It is assumed that vehicles that are not allowed in the zone are replaced by newer vehicles or retrofitted with particle filter, open filters for passenger cars and vans and closed filters for heavy-duty vehicles.

The Study

The street air quality model OSPM with necessary input data for emissions, traffic, street geometry, urban background concentrations and meteorology is used to calculate annual mean concentrations of EC for a large number of streets in Copenhagen.

The project has reused former data for roads, traffic and street geometry from the so-called ASSET project, where air quality calculations were carried out for all street segments in Copenhagen with more than 2,000 vehicles a day with OSPM, and the AirGIS system was used to generate input data for OSPM for traffic and street geometry based on GIS data with roads and traffic, and building footprints with building heights as well as calculation points (Jensen et al., 2009a).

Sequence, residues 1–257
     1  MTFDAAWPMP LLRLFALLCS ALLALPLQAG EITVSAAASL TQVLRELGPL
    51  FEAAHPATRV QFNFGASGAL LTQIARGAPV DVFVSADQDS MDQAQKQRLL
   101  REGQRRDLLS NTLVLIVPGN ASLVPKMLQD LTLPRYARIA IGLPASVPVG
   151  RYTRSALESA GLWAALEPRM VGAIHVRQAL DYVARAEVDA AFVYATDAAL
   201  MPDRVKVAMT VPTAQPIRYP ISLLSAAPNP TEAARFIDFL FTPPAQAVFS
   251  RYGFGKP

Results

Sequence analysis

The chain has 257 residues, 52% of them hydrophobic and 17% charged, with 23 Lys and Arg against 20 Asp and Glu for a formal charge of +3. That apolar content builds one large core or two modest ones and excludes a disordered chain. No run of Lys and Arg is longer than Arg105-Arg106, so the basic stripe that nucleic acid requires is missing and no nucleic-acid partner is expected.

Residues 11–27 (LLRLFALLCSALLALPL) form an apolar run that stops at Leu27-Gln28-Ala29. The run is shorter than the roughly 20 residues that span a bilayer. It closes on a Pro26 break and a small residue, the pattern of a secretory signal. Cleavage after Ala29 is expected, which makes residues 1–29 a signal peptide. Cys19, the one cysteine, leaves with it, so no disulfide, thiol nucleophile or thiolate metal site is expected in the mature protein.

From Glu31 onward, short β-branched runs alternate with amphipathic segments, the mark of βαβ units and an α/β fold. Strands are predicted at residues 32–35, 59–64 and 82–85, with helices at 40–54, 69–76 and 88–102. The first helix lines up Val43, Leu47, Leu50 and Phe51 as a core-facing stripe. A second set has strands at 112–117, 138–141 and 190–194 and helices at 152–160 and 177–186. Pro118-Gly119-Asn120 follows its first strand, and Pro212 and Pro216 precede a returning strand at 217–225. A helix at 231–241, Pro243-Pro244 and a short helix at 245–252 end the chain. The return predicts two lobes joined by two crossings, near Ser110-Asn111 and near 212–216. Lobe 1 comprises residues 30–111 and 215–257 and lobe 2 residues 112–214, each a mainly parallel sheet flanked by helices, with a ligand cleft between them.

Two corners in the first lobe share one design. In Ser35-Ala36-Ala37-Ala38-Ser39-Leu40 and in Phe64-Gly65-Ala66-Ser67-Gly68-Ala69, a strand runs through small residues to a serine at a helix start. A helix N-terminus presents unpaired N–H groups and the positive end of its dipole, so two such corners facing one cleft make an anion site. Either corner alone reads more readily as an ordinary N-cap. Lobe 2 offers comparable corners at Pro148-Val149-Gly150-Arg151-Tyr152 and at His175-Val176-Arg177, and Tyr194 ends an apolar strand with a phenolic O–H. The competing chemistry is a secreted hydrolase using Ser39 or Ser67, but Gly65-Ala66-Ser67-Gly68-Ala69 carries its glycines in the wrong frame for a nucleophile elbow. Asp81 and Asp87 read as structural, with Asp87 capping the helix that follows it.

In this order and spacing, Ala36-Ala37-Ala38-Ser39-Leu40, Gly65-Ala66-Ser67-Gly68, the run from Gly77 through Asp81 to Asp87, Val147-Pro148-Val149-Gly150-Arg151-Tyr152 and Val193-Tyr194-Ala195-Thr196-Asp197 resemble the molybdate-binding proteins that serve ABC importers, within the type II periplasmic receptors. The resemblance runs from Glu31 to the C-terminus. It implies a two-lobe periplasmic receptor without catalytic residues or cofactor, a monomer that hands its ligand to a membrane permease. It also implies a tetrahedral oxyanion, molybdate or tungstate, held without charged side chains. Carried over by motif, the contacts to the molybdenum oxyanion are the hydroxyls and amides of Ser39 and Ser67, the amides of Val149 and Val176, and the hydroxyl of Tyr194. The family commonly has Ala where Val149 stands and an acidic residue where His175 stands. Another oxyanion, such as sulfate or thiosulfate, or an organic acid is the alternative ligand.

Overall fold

As a new feature EC emission factors have been implemented in OSPM based on the COPERT emission model, where EC emission factors are described as a percentage of the particulate emission (PM2.5) for the different vehicle categories and Euro emission classes (Ntziachristos & Samaras, 2010).

Sufficient EC emission information lacks in order to model urban background concentrations of EC. Therefore, the annual mean of urban background concentration of EC has been estimated from analysis of EC measurements at Lille Valby (regional concentrations) and street measurements at H.C. Andersens Boulevard together with campaign measurements at H.C. Ørsted Institute (urban background). This single urban background value is used for all areas of Copenhagen although there are likely to be differences across Copenhagen.

Applied urban background concentrations are based on measurements and include the contribution from all sources, but it is only the EC contribution from traffic that has been modelled and visualized. Other combustion sources such as wood burning stoves could also contribute with EC, but there is a lack of knowledge to model the contribution.